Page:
When I was a child in suburban New Jersey taking the bus was a headache. To figure out where a bus stopped, and when, you had to go to the library and peruse dozens of bus schedules, with their out-of-scale, somewhat abstracted maps to figure out which route you needed. You had to extrapolate when it would get there based on the times listed for a few major stops, and figure out by trial and error exactly which corners it stopped on. You had to carry exact change, and figure out how many zones you were going and hang on to your paper transfer.
It was no wonder that the people who took the bus were by and large the people who had to, and the rest of the car-owning, conscientiously-train-commuting public did not. Need I also mention that there was a racial divide between bus and train users? (There was a big enough one in LA to lead to a civil rights lawsuit in the ‘90s over disparate public transit funding.)
Sometimes I think that many people of my generation haven’t figured out that riding the bus has changed. But it has. Now you open up Google maps, enter your starting and ending points and select the “transit” option. You get multiple options. You get walking directions on either end. In many systems (including CDTA), you can see if the bus is running late and how much. For many systems (including CDTA) you can purchase a reusable card with stored value on it, often with an autofill option—by mail order or in certain retail outlets. It is often usable on both subways and buses. In the Bay Area one card works on at least a dozen systems. CDTA’s comes with the bonus that if you take more than three rides in a day it automatically gives you the all-day pass price. In other places you can buy and display tickets through an app (New Jersey Transit, New Orleans).
I travel for work and have taken the bus around a lot of cities, including famously car-dependent ones like Detroit and LA. They don’t work for everything, but they do a lot more than people often expect.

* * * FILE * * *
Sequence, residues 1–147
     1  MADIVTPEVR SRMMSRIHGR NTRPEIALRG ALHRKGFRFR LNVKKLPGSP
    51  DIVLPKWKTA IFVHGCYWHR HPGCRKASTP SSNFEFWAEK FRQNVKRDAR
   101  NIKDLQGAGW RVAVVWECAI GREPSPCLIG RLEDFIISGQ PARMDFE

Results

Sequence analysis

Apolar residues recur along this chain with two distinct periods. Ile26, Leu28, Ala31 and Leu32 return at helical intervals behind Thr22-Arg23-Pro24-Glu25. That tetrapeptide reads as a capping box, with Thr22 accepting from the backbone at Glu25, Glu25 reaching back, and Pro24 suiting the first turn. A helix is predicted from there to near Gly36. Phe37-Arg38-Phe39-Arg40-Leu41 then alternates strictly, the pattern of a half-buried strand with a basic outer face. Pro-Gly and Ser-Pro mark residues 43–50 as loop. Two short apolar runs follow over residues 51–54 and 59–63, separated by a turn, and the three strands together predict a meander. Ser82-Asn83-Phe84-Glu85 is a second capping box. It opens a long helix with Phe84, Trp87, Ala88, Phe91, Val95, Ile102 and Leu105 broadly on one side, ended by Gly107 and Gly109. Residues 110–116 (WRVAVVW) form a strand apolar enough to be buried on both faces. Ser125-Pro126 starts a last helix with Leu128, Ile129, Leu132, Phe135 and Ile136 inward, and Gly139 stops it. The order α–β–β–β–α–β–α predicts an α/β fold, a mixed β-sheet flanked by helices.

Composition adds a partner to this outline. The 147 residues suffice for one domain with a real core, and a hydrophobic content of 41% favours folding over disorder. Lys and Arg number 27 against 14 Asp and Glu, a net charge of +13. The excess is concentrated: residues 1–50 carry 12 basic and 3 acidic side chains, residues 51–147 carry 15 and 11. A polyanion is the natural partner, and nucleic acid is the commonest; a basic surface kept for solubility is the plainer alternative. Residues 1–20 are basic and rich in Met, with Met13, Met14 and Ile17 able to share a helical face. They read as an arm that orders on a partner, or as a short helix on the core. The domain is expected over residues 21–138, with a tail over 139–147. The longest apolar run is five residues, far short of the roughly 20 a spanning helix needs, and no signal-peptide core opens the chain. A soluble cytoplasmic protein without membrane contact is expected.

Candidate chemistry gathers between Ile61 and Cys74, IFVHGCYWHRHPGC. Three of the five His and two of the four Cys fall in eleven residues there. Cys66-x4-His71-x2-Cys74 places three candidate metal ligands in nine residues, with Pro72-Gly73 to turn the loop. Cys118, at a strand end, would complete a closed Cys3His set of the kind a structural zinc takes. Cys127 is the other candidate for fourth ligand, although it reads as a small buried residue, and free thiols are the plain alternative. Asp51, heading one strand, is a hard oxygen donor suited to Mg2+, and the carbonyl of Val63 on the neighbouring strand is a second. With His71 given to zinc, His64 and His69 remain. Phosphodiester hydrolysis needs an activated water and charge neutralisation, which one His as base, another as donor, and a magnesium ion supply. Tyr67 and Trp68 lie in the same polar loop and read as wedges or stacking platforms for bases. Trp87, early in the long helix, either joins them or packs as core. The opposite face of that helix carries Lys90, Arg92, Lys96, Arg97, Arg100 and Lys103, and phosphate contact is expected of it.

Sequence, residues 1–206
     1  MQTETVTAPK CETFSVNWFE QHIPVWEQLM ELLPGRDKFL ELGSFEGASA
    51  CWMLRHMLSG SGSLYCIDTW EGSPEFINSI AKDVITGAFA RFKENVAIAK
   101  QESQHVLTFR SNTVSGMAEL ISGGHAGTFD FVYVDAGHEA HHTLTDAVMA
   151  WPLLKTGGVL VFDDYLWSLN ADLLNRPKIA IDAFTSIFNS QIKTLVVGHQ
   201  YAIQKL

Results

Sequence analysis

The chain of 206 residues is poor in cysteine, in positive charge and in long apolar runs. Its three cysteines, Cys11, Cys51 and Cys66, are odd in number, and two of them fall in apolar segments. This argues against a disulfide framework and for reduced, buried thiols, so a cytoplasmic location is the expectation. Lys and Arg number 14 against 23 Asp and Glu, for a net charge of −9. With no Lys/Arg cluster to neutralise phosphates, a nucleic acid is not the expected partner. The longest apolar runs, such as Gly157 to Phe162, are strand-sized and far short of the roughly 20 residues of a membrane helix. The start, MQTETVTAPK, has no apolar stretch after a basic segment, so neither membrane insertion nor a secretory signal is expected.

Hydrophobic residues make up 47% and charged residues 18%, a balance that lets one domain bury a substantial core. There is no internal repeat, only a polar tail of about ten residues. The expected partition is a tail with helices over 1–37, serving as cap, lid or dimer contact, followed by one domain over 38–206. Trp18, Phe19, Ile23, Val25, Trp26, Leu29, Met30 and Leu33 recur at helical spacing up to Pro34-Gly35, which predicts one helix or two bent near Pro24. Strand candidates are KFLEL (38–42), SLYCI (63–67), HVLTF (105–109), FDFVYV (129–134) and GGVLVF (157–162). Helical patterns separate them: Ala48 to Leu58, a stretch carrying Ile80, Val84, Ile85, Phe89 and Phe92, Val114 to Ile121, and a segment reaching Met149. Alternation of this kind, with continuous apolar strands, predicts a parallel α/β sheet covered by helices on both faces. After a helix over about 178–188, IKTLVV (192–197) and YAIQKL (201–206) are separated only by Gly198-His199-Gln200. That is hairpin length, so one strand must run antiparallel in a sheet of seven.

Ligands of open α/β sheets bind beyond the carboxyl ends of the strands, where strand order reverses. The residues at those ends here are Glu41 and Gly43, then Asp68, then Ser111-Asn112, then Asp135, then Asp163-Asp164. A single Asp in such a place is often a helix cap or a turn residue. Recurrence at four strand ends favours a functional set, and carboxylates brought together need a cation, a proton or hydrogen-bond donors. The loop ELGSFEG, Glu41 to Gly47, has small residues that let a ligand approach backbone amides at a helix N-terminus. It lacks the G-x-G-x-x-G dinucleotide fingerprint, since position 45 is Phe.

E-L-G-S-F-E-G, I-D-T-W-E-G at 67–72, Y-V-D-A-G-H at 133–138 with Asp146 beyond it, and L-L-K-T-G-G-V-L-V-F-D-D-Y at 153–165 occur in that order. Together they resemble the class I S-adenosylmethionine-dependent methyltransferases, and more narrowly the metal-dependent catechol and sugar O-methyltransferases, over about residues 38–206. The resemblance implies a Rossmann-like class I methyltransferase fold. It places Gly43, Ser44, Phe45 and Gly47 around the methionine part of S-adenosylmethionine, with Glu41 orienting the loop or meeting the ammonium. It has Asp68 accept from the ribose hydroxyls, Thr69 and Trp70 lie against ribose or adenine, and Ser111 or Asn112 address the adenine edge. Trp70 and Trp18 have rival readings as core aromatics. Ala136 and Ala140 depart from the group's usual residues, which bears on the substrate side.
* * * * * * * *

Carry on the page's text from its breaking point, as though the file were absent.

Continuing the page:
Meanwhile, a new study is out about “ridehailing” platforms and how they affect transportation behavior. Lo and behold, people are not giving up their cars to use Uber and Lyft, though they are dropping out of car-sharing programs. They are either taking trips they wouldn’t have taken (not necessarily a bad thing) or diverting trips away from walking, biking, and transit. Especially with the extra non-passenger driving happening between rides, this means that far from the environmental boon these companies wanted to make themselves out to be, they are substantially increasing vehicle miles traveled. That’s not what we need right now.
There are lots of things to be said about the gig economy, workers’ rights, ADA compliance, and those companies’ ethical behavior. I’ve said some of them, and others have said more, and we all know it gets heated.
But for now, let’s instead talk about buses. Buses are a low infrastructure, high flexibility form of transit. Bus drivers are usually unionized. They actually stack up quite well compared to streetcars or light rail when you take off cultural blinders. Meanwhile, technology is busily removing some of the big information and convenience strikes against them.
There’s a lot more that could be done to improve them, to be sure, such as true bus rapid transit, off-board payments, and heated bus stops (all of which exist in many places). But the fact is that even right now, in many places, buses are far more practical than many people who have never ridden them understand.
So for now, I want to issue this challenge: consider the bus first (or other transit where it exists). It won’t take you everywhere you want to go, at all times, especially if you live in or are traveling to the suburbs. But you might be surprised. Keep a bus card on you loaded with at least $4. And before you open your taxi-hailing app or get in your car for a short drive where the parking will suck on the other end, open Google Maps and check out your options. See how far a bus could get you. To work? From work to dinner? To that show downtown? To Tulip Fest? From the airport to your hotel? Most of the way somewhere, or one way of a round trip, so you spend less on taxi fare?
It’ll be a lot cheaper without a doubt (even before “ride hailing” prices inevitably rise). You won’t have to haul a car seat along if you’re traveling with a child. You might run into a friend (serendipitous meetings are one of the great joys of urban living). Your tween to teen can take it on their own. You’ll know the person driving you is a pro who has hasn’t driven for 20 of the past 24 hours. And you will be supporting a real sustainable, multi-modal transit system.